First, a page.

Study finds impaired secretion of stress hormone in healthy Indigenous young adults –

beautiful pebble stack on a sandy beach (sea on the background)

A study has found an impaired secretion of a stress hormone in healthy young Indigenous people. Their biological stress response is directly linked to the racial discrimination that they experience in their lives. The study could open up new opportunities to predict mental health problems in First Nation’s people. The goal is a positive one.

Key Takeaways:

  • James Cook University scientists have made a disturbing finding about some young Indigenous people’s biological reaction to stress, but one that could help close the health gap for indigenous people.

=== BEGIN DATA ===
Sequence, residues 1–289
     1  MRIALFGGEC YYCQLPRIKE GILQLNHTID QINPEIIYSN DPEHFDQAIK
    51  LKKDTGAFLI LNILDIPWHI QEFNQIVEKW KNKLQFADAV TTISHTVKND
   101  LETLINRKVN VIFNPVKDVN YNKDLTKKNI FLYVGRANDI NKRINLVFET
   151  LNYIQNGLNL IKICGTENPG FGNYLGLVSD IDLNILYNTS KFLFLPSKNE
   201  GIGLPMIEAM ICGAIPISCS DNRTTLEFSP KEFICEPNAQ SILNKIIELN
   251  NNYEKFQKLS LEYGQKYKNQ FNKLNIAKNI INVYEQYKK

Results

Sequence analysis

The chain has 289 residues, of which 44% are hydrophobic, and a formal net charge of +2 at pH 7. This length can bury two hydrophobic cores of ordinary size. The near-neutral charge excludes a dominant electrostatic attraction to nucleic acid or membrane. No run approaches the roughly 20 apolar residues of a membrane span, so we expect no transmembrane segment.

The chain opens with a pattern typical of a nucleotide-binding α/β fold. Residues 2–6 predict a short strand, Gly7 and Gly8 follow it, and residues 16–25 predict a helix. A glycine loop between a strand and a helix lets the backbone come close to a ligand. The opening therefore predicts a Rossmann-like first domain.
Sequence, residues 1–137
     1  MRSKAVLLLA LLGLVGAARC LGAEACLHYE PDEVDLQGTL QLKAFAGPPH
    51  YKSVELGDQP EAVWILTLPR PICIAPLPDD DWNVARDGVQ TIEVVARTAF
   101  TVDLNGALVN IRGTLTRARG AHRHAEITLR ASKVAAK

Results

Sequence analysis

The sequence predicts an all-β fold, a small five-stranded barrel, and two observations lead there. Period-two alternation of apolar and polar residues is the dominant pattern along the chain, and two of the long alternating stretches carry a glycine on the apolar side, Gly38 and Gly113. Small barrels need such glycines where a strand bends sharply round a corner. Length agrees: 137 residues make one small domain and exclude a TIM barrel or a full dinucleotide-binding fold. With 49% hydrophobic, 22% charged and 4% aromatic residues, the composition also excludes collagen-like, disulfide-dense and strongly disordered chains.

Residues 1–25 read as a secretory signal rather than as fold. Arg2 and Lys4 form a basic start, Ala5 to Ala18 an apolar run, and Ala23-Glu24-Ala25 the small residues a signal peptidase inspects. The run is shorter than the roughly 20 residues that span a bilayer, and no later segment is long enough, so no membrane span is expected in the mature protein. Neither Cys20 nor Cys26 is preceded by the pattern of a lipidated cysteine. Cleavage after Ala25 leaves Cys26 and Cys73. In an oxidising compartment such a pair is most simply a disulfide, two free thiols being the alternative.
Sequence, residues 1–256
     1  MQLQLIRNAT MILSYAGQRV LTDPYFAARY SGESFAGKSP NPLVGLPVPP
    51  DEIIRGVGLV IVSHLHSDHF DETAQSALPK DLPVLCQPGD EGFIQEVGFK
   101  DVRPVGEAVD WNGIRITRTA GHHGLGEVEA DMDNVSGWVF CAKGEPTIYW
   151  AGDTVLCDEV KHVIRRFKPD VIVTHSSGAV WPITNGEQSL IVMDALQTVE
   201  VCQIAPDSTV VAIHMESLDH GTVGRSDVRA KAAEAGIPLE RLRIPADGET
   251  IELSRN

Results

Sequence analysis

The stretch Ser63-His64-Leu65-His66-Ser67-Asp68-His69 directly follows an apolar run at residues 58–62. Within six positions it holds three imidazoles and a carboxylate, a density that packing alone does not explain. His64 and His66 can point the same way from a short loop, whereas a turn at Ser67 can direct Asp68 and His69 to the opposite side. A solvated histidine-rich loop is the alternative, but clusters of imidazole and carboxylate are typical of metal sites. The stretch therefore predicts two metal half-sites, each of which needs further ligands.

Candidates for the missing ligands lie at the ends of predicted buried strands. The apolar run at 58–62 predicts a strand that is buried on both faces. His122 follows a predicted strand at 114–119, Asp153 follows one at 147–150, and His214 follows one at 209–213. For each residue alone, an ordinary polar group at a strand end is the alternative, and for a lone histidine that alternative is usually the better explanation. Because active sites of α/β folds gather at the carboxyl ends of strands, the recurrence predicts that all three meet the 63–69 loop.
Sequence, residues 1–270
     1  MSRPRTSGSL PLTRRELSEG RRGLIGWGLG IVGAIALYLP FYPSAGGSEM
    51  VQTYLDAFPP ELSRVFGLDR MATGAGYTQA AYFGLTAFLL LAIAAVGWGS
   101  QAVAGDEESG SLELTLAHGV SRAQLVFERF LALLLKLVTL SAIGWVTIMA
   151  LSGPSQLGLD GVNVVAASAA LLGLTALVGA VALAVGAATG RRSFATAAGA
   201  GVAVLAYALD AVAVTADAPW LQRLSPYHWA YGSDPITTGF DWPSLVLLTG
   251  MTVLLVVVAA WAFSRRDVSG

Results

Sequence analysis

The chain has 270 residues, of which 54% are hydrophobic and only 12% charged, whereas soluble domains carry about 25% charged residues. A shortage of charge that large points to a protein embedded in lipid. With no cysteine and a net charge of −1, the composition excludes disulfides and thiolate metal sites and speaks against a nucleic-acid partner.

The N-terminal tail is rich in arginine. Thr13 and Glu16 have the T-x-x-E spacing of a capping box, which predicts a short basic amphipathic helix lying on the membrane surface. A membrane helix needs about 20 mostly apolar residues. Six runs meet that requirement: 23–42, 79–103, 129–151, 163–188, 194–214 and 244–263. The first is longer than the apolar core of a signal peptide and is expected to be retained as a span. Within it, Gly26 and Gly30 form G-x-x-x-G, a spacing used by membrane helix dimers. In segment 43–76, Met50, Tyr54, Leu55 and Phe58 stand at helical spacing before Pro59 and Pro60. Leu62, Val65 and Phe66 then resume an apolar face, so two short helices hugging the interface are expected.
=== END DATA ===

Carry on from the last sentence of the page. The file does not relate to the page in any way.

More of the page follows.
• In their study published in the journal Scientific Reports, the team showed for the first time that the biologically important ‘morning rise’ of cortisol that prepares us to effectively deal with the daily hassles and stresses of life is missing in otherwise healthy Indigenous young adults.
  • The absence of the morning cortisol rise was related to the levels of chronic stress the participants had experienced. Patients with common and severe mental disorders, including depression and psychotic disorders, similarly are missing such a morning rise.

“Importantly, says Dr Maximus Berger, the first author of the study, there is evidence that the missing morning rise of cortisol indicates a risk for poor mental health in the future.”